Durham Planning Commission member DeDreana Freeman prevailed in the battle for the Ward 1 City Council seat Tuesday night, defeating incumbent Cora Cole-McFadden.
Freeman’s 54.5 percent paralleled the results of the early voting period, always the first numbers the Board of Elections releases on election night and often a bellwether for the final result. Cole-McFadden had 45.4 percent in the race, which tightened somewhat as precinct numbers came in.
“If housing is the area that people want to work on, I think myself and others, like [mayoral-race winner] Steve Schewel, will be the ones that end up at the top,” Freeman said when asked what triggered her victory. “I feel like folks in the city have realized that housing has been disappearing, and not just subsidized housing but housing for average people in the city, for the working-class and people who have a higher income. It has definitely shifted in a way that is changing too fast.”
Cole-McFadden began her concession speech Tuesday night by saying: “What a loss for the city of Durham.”
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Going in, the Ward 1 race was the only one on the city ballot that wasn’t certain to cause a turnover in office. For the other two council seats and the mayor’s office, retirements or in case of council Ward 3 an incumbent’s loss in the October primary had guaranteed that someone new to the job will be taking over next month.
Freeman bested Cole-McFadden in the October primary and went in to the final with support from the People’s Alliance, on recent electoral track record the most influential of the city’s big-three political groups. Cole-McFadden had backing from the Durham Committee on the Affairs of Black People and the Friends of Durham.
Cole-McFadden has held the Ward 1 seat since 2001 and was seeking her fifth four-year term. She watched returns at the Durham Committee-endorsed candidates watch party at Golden Belt. Durham Mayor Bill Bell was there, too, as he had endorsed Farad Ali and Cole-McFadden.
“Cora’s a good council person and she knows Durham, a given because she was born and raised here and worked in city government,” Bell said. “I’ve always thought her heart and mind is in the right place.”
A former director of the city’s Department of Equal Opportunity/Equity Assurance, Cole-McFadden has been the city’s mayor pro tem and throughout her time in elective office has made a point of nearly always voting with Bell in council deliberations. Bell is retiring in December, giving way to City Councilman Schewel, who beat former council member Ali Tuesday.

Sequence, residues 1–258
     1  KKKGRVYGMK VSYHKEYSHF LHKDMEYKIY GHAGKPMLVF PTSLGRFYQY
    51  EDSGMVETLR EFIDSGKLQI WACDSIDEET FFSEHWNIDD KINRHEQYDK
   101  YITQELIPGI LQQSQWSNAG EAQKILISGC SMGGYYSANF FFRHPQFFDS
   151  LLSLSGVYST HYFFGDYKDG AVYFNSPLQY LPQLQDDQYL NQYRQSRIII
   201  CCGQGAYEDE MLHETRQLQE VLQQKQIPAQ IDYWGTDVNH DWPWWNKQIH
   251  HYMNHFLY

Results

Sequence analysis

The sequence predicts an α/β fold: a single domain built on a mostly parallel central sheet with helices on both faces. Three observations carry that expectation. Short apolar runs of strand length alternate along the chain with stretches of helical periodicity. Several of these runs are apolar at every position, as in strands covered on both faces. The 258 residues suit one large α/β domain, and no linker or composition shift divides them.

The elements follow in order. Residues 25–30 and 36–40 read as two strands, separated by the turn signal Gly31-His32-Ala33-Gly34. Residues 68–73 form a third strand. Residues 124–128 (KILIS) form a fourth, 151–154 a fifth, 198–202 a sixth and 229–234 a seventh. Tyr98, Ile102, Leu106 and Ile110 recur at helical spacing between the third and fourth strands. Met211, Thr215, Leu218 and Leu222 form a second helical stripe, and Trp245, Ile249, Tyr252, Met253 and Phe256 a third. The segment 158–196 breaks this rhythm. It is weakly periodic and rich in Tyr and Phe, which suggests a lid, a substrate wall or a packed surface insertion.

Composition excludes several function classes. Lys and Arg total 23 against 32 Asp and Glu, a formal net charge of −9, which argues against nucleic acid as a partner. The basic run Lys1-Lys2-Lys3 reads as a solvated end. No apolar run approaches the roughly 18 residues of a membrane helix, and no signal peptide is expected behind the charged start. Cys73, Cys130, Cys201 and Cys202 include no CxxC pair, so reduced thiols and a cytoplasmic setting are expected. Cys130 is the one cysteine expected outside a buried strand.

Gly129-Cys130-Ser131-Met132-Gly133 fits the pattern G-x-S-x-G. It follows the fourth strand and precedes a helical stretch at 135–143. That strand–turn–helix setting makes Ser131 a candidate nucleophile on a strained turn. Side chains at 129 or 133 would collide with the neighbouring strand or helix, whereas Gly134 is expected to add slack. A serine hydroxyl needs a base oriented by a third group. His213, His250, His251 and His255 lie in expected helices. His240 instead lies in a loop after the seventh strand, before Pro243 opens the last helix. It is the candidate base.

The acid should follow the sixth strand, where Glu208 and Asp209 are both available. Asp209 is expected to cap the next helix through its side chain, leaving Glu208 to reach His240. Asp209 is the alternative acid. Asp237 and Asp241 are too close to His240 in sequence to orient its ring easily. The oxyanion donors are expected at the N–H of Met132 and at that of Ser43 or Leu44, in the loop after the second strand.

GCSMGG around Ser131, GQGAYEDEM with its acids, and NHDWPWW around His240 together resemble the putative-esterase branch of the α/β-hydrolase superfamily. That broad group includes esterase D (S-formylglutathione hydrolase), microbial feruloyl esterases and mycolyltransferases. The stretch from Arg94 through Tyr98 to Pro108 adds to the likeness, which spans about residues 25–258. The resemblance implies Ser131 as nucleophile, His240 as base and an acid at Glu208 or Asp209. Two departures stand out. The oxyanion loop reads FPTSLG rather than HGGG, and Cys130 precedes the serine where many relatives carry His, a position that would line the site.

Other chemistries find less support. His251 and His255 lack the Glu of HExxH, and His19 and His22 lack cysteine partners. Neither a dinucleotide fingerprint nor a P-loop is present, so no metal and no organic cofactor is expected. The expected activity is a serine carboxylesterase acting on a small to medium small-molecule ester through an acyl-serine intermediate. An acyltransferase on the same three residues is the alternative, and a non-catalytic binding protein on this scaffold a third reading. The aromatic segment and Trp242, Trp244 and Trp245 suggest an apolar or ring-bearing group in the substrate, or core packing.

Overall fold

Cole-McFadden said that it’s “a blessing when I exit, I will exit with the greatest mayor who ever served Durham.”
As returns came in earlier in the evening, she said that “the thing I thought about all day is no matter what, I am not a loser because I have given my life to Durham, as a kid up to the present time. What was really disheartening was when a relative of mine was approached by someone at a polling place and was told, ‘Don't vote for Cora Cole-McFadden, she is too old.’ That was from a PA worker. That is ridiculous, to say something like that, when I stooped down for a lot of them to ride piggyback off my shoulders into the future.”
Cole-McFadden considered running for mayor, but opted instead to seek re-election to her council seat. As the results unfolded on Tuesday, she won several precincts that Ali lost to Schewel, including one in south Durham’s Parkwood area that’s played a key role in elections past.
Freeman is special assistant to the director of the East Durham Children’s Initiative, one of the community’s signature anti-poverty efforts. She discounted the idea that candidates’ ages were an issue.
“It is if anything the issues that you focus on,” Freeman said. “I have stayed focused on the sustainable housing. I am not sure what her platform base was, but whatever was presented I missed it, and I think it was more of a difference in addressing some of the issues around housing or public transportation.”
Cole-McFadden, when the final results came in, said that “It is what it is. There is life after this.”
Freeman made her way to the People’s Alliance PAC party at 106 Main along with other candidates. Three out of four People’s Alliance-endorsed candidates won their races.
“This organization is moving in the direction to make the city stronger and better together,” Freeman told supporters.
DeDreana Freeman 54.45% 18,847
Cora Cole-McFadden* 45.40% 15,716
56 of 56 precincts reporting